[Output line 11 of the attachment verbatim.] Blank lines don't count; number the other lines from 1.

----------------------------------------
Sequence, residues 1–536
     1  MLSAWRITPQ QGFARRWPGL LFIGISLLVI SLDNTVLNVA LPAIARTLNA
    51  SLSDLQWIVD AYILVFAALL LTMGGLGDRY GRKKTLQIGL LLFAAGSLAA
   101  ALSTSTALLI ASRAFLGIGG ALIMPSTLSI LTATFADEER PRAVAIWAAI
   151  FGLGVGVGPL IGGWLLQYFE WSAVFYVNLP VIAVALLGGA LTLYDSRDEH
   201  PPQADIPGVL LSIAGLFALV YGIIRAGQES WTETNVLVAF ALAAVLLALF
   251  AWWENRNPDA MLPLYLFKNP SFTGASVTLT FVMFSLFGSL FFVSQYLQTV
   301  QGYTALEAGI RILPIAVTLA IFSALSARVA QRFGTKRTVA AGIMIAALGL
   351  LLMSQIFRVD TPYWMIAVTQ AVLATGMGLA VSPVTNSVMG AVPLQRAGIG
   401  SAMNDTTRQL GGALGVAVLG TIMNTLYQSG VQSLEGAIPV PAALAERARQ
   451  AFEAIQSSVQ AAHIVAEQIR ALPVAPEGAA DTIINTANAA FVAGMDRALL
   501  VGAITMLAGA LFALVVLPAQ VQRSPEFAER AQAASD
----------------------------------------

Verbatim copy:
   451  AFEAIQSSVQ AAHIVAEQIR ALPVAPEGAA DTIINTANAA FVAGMDRALL